My girlfriend gave me something to cling to. Before her, I had honestly thought I’d be dead by the time I was 35. She really helped me. Gradually I stopped using drugs and drinking as much as I had been. I started to believe and see that there might possibly be something more to life—to everything.
Our adventures took us to cult meetings started by preacher Victor Paul Wierwille. The group tried to “save” me and convert me to their religion. On one occasion, I pretended to speak in tongues. I was only doing all of this because I loved my girlfriend. She was into the cult much more than I was. At one point, she even convinced herself to move out to Knoxville where the cult was based. I was less sold on it and managed to convince her to go instead to Hendersonville, South Carolina to where the Mother of Earth News magazine came out. Rather than converting the world, we wanted to learn how to live simply. But a simple life seemed to elude us.
South Carolina didn’t work out and I took a friend’s advice to move us to Florida and get a job harvesting oranges on the parking lot of what would later become Walt Disney World. We lived in a trailer park called Gopher Ridge, the filthiest place I’d ever lived in my life. There was a hole in the floor for a toilet and bugs covered the walls.
Running out of money and dissatisfied with work conditions, we quickly decided to leave Florida. After some adventures in California, we ended up choosing to live in Colorado because John Denver said it was great. We lived in the shadow of the State Capital building, and I ate organic food for the first time. Although I was still doing drugs, I started to think about a future and believe I was worthy of a better life.
In the middle of our search for a simple life, my girlfriend got pregnant. It really scared me. Suddenly, I felt a huge sense of responsibility. We weren’t married, and I didn’t know how this would all play out. I still believed deep down that Dorothy Ann was coming after me. Almost 30 days before we had the baby, we got married at a Justice of the Peace in 1976. We both wore the best clothes we had. Mostly, I remember this being a very scary day for me. Although I wanted to be a family, between the paperwork and the forms, I felt I was opening myself up to be found by Dorothy Ann. Maybe, I thought, signing a form would make me more traceable.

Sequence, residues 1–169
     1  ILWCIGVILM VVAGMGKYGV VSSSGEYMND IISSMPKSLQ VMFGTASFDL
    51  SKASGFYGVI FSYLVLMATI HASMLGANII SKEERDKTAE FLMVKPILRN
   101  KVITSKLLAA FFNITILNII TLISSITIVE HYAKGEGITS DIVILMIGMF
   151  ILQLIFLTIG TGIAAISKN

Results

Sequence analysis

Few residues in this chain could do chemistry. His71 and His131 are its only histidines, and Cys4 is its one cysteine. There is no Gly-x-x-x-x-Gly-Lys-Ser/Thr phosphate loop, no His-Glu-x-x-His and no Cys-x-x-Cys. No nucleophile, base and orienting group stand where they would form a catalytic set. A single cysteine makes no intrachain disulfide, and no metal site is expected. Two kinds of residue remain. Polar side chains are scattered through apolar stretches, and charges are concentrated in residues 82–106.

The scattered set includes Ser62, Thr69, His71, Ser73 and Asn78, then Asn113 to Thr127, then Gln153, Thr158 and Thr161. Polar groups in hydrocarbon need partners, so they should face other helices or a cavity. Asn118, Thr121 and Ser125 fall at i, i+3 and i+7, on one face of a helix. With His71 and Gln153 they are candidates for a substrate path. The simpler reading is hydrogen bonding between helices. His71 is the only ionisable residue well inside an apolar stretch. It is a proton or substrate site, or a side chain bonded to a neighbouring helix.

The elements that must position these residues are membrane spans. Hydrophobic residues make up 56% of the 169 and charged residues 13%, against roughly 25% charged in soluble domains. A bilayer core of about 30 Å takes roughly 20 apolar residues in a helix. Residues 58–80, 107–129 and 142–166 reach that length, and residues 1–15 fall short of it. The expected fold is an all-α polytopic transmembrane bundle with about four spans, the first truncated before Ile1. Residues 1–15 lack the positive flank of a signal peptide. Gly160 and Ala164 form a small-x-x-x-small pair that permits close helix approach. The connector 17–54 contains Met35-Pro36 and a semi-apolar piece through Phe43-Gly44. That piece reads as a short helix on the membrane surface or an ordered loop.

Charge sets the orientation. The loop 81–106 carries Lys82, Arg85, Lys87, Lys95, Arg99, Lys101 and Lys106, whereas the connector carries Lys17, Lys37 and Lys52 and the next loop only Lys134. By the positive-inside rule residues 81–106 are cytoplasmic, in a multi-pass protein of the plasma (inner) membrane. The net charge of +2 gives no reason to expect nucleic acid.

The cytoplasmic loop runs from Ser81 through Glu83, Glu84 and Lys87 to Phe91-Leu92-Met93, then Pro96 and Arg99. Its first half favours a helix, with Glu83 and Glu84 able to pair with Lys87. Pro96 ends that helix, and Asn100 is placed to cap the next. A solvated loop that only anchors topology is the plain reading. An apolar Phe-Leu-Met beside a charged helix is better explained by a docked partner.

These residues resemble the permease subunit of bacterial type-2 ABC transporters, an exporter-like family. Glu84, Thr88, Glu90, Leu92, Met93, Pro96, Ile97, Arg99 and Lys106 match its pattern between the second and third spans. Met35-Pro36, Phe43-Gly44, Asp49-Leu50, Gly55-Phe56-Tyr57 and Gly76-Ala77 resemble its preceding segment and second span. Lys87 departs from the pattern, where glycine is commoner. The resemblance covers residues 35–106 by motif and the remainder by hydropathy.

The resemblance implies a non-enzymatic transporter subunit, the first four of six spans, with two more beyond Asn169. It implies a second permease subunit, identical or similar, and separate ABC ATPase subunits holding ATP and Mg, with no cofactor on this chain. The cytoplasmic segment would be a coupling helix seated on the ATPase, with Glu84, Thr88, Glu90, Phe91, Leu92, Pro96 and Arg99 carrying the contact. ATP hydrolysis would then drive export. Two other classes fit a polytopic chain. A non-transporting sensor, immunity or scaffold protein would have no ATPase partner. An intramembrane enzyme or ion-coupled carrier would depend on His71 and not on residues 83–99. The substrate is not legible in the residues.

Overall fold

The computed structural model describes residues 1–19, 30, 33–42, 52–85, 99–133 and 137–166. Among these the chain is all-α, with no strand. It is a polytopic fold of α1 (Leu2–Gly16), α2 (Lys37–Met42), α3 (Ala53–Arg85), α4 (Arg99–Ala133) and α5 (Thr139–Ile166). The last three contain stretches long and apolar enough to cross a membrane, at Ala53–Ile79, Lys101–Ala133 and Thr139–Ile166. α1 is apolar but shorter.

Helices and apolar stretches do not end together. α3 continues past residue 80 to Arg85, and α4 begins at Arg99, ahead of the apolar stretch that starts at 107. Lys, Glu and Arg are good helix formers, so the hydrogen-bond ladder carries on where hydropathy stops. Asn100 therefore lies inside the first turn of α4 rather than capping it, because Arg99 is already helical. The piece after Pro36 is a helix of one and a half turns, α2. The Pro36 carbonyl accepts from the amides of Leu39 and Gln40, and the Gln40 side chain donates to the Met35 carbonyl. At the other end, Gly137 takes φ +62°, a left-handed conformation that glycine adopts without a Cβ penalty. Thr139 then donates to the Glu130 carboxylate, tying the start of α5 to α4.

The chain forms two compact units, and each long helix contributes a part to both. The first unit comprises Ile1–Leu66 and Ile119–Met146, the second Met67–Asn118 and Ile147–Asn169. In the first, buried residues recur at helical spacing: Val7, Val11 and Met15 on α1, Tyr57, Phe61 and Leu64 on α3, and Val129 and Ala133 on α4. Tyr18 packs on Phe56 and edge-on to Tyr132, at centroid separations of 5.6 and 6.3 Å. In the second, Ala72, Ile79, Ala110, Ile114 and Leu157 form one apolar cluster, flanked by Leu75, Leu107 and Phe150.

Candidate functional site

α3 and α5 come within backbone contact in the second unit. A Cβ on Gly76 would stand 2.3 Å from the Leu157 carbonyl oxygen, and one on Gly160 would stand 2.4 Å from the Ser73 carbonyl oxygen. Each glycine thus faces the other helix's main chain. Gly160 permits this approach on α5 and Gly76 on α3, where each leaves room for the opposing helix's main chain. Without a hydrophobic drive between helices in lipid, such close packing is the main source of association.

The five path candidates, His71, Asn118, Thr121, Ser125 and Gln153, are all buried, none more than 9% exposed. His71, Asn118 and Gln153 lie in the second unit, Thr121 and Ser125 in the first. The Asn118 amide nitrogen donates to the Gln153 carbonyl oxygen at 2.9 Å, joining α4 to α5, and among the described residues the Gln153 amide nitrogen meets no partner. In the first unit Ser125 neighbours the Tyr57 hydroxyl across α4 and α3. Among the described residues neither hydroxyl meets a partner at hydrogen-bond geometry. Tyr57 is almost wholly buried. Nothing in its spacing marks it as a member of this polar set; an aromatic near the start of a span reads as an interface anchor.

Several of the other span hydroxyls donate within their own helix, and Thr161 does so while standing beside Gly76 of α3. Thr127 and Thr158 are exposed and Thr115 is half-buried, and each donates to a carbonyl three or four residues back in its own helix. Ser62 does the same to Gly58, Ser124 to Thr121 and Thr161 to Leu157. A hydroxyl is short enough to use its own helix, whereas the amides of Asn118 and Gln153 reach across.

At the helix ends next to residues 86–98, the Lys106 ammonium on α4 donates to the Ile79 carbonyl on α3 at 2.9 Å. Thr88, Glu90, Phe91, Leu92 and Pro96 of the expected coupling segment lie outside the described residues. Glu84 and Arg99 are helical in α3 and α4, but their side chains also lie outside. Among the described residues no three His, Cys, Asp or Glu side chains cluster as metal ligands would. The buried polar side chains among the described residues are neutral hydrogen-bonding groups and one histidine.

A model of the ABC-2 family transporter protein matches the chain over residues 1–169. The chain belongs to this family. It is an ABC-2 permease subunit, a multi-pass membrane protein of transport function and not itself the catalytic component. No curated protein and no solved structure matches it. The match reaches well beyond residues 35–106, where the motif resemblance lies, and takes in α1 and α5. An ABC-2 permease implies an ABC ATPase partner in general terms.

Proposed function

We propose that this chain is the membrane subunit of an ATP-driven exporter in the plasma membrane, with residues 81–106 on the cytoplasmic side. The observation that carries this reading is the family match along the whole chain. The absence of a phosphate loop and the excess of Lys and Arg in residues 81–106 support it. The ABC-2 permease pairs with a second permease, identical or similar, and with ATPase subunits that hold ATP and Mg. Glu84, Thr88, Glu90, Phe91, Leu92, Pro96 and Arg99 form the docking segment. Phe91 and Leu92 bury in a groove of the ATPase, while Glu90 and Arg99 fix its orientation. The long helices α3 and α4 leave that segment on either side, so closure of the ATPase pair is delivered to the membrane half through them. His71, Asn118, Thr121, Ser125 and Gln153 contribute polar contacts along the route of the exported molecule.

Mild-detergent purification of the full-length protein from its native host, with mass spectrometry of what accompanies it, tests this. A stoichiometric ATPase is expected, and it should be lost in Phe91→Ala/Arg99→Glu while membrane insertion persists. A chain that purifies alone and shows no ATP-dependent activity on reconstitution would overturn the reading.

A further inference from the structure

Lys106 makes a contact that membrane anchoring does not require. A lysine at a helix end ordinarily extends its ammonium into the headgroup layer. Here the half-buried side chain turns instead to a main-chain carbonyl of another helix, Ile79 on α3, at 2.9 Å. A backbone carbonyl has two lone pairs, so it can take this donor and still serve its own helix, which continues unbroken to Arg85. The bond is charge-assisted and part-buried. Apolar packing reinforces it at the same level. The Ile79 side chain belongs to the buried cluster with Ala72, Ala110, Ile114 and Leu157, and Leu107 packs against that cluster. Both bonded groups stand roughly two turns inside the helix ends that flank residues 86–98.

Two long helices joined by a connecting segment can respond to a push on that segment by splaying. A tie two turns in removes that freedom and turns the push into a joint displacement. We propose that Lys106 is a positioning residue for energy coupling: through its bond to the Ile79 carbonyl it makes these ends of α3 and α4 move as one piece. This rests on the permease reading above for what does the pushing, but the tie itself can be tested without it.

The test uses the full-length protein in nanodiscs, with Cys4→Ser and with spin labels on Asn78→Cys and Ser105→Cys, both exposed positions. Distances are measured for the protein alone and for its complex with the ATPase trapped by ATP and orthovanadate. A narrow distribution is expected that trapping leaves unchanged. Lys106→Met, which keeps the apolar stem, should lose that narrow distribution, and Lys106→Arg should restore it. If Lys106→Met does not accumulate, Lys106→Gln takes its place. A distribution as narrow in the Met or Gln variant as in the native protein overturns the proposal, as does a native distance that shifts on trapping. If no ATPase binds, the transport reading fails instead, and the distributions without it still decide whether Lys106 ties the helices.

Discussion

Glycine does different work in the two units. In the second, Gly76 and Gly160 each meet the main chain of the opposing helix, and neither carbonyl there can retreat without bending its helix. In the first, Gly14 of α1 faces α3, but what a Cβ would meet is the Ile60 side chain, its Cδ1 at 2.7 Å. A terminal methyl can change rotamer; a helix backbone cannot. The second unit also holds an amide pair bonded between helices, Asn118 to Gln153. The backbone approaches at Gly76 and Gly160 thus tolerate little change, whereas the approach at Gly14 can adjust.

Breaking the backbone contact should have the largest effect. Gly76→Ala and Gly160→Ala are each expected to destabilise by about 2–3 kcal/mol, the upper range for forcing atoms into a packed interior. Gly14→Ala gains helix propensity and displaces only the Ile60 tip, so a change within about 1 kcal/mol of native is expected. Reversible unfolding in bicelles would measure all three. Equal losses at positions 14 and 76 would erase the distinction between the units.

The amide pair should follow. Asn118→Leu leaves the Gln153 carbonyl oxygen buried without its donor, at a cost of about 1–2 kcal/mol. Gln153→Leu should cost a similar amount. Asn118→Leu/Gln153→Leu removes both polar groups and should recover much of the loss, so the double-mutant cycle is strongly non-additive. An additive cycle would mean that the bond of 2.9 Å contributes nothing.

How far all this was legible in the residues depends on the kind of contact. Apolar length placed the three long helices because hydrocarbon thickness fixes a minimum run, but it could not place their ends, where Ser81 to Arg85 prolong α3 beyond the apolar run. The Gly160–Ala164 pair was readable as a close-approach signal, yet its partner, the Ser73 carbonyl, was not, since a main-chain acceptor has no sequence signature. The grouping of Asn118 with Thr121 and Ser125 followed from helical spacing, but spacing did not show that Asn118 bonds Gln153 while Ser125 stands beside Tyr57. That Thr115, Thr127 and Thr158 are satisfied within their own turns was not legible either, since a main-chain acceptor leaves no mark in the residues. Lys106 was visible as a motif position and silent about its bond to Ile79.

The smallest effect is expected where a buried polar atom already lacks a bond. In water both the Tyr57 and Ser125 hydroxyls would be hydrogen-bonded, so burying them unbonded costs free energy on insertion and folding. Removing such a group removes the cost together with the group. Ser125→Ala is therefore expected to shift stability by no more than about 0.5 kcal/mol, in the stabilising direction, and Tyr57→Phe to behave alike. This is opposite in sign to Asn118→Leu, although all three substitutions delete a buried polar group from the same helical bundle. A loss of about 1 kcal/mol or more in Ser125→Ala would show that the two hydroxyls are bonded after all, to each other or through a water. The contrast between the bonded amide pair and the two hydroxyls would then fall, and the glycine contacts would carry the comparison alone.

Married and with a baby, we moved back to Minnesota shortly after our wedding. My wife experienced back to back pregnancies and our second son was born before I had a good job. We could not afford our mortgage payments and eventually needed to sell our house.
At this point, I was desperate. Walking into town, I saw the army recruiter’s office and joined immediately because of the $4,000 bonus. I told my wife I had a job and drove her back to her parents’ place with the two kids. At the time, I couldn’t see the blessing in all of this because it felt like my life was falling apart. When I joined the army, I didn’t believe that there was a God.
In the summer of 1980, I left for the army. My basic training was at Ft. Benning, Georgia and I was older than the drill sergeant. After 10 years of smoking and drugs, I was not in good shape, but I had a good work ethic and wouldn’t give up.
I made it through basic training right before Christmas of the same year. After the holiday, we were assigned to Colorado Springs, where I served for a year before being promoted from “Private” to “Private First Class.” They asked if I would consider going to Germany and I told them, “Yeah, sure!” I still had an irrational fear that Dorothy Ann was coming after me and my family.